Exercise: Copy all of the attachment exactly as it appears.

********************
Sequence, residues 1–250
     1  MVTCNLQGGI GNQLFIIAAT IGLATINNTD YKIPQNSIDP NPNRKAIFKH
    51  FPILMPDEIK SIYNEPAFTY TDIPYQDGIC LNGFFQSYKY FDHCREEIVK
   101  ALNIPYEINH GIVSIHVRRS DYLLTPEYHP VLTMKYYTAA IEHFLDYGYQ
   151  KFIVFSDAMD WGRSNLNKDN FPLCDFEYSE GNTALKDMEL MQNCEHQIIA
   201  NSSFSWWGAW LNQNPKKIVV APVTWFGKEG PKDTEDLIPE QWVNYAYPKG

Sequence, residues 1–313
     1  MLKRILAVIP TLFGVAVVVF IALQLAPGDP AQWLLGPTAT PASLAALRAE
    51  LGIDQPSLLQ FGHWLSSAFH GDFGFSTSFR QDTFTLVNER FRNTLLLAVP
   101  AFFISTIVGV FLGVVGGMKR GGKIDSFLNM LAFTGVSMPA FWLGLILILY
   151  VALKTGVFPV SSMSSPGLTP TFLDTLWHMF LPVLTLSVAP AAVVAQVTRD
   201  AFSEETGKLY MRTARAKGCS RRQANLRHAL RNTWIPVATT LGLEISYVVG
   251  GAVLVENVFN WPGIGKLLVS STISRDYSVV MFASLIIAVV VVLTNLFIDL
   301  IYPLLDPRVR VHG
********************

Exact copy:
Sequence, residues 1–250
     1  MVTCNLQGGI GNQLFIIAAT IGLATINNTD YKIPQNSIDP NPNRKAIFKH
    51  FPILMPDEIK SIYNEPAFTY TDIPYQDGIC LNGFFQSYKY FDHCREEIVK
   101  ALNIPYEINH GIVSIHVRRS DYLLTPEYHP VLTMKYYTAA IEHFLDYGYQ
   151  KFIVFSDAMD WGRSNLNKDN FPLCDFEYSE GNTALKDMEL MQNCEHQIIA
   201  NSSFSWWGAW LNQNPKKIVV APVTWFGKEG PKDTEDLIPE QWVNYAYPKG

Sequence, residues 1–313
     1  MLKRILAVIP TLFGVAVVVF IALQLAPGDP AQWLLGPTAT PASLAALRAE
    51  LGIDQPSLLQ FGHWLSSAFH GDFGFSTSFR QDTFTLVNER FRNTLLLAVP
   101  AFFISTIVGV FLGVVGGMKR GGKIDSFLNM LAFTGVSMPA FWLGLILILY
   151  VALKTGVFPV SSMSSPGLTP TFLDTLWHMF LPVLTLSVAP AAVVAQVTRD
   201  AFSEETGKLY MRTARAKGCS RRQANLRHAL RNTWIPVATT LGLEISYVVG
   251  GAVLVENVFN WPGIGKLLVS STISRDYSVV MFASLIIAVV VVLTNLFIDL
   301  IYPLLDPRVR VHG